Alignment identity, length and number of read of two FFPE samples against each of the ten GenBank H. pylori reference genomes and the culture samples of the two patients, respectively.
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pone-0026442-g002: Alignment identity, length and number of read of two FFPE samples against each of the ten GenBank H. pylori reference genomes and the culture samples of the two patients, respectively.

Mentions: In total, 241,126 and 201,709 sequence reads were obtained from the two FFPE samples, respectively. Among them, 14,532 (6.0%) and 9,830 (4.9%) could be mapped to contigs assembled from DNA of cultured H. pylori from the same patients (Culture 1 and Culture 2; Figure 2). When aligning FFPE sequences with each of the ten GenBank reference genomes, the numbers of aligned reads were only ∼11,000 and ∼8,700, respectively. The reference strains HPAG1, G27, P12, B8 and PeCan4 contain plasmids. Alignment of FFPE 1 sequences with these five strains resulted in on average 1,395 (12.1%) higher number of reads than with the five strains that lack plasmids (Figure 2). Alignment of raw sequences from Culture 1 also resulted in a greater (7.7%) number of reads matching to plasmid containing reference strains. No such difference was observed for sample FFPE 2 or Culture 2.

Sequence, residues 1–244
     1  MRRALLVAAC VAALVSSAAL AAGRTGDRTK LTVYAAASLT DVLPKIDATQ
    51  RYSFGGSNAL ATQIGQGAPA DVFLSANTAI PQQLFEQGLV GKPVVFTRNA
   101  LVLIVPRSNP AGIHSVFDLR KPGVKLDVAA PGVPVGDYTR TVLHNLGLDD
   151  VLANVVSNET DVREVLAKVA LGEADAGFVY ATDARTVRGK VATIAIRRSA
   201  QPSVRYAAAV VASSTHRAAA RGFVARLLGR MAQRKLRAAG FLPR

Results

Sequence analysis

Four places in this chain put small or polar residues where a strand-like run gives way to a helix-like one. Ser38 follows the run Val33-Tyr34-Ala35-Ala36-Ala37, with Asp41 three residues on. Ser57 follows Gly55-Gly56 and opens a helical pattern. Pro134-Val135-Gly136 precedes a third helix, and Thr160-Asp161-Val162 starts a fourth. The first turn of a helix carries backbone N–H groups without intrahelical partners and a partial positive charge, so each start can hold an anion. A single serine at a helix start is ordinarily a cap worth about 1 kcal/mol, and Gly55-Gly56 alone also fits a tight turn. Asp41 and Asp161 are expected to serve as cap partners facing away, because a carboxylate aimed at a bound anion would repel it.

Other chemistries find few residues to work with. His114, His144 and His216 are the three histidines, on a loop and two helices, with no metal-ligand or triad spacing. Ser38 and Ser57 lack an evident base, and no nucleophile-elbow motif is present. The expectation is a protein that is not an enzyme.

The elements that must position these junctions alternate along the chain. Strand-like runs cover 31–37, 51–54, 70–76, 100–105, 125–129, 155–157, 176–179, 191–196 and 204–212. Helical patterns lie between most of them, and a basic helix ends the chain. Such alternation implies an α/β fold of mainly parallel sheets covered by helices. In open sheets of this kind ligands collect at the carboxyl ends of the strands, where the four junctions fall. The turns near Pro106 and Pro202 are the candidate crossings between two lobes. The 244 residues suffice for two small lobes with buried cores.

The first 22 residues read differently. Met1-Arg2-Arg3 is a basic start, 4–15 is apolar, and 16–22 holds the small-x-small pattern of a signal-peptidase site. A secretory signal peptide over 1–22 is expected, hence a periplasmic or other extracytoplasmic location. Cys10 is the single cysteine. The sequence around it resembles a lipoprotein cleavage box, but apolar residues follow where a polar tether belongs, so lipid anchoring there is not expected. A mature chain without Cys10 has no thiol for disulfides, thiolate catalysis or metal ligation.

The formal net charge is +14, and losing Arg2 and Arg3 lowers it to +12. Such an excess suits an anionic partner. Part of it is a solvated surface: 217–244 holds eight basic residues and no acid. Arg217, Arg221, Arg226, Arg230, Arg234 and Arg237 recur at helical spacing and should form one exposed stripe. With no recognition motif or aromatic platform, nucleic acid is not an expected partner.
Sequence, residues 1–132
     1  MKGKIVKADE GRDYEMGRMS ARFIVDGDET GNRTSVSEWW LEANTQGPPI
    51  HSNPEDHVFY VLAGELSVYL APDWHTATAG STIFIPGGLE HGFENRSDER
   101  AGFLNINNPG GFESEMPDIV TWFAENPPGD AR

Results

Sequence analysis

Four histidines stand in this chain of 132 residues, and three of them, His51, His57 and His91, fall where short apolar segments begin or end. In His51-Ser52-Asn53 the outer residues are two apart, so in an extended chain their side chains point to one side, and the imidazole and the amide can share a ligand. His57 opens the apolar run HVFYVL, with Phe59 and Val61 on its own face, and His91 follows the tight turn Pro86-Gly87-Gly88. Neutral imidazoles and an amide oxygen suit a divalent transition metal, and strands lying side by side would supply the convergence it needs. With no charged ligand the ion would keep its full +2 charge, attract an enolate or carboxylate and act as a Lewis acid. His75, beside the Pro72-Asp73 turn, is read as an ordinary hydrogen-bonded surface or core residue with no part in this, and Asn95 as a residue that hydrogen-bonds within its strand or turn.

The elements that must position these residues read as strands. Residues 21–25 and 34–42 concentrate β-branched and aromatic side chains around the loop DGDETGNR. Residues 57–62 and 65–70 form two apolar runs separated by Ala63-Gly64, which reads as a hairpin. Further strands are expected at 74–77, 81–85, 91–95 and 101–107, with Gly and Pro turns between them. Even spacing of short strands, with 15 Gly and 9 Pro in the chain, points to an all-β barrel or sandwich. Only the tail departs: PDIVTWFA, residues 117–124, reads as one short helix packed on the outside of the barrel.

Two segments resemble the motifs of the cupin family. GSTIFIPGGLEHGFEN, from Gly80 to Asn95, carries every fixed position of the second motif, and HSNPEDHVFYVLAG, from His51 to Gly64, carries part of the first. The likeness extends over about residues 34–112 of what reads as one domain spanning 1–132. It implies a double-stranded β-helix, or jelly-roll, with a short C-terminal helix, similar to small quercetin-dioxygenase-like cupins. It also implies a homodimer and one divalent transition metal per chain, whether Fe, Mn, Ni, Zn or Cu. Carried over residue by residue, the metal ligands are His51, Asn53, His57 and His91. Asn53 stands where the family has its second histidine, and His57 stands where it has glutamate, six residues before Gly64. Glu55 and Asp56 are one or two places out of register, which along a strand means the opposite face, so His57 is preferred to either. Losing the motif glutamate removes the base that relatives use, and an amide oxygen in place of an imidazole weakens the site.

A method for metagenomics of Helicobacter pylori from archived formalin-fixed gastric biopsies permitting longitudinal studies of carcinogenic risk.

Zheng Z, Andersson AF, Ye W, Nyrén O, Normark S, Engstrand L - PLoS ONE (2011)

Alignment identity, length and number of read of two FFPE samples against each of the ten GenBank H. pylori reference genomes and the culture samples of the two patients, respectively.
© Copyright Policy
Related In: Results  -  Collection

Show All Figures
getmorefigures.php?uid=PMC3198776&req=5

pone-0026442-g002: Alignment identity, length and number of read of two FFPE samples against each of the ten GenBank H. pylori reference genomes and the culture samples of the two patients, respectively.
Mentions: In total, 241,126 and 201,709 sequence reads were obtained from the two FFPE samples, respectively. Among them, 14,532 (6.0%) and 9,830 (4.9%) could be mapped to contigs assembled from DNA of cultured H. pylori from the same patients (Culture 1 and Culture 2; Figure 2). When aligning FFPE sequences with each of the ten GenBank reference genomes, the numbers of aligned reads were only ∼11,000 and ∼8,700, respectively. The reference strains HPAG1, G27, P12, B8 and PeCan4 contain plasmids. Alignment of FFPE 1 sequences with these five strains resulted in on average 1,395 (12.1%) higher number of reads than with the five strains that lack plasmids (Figure 2). Alignment of raw sequences from Culture 1 also resulted in a greater (7.7%) number of reads matching to plasmid containing reference strains. No such difference was observed for sample FFPE 2 or Culture 2.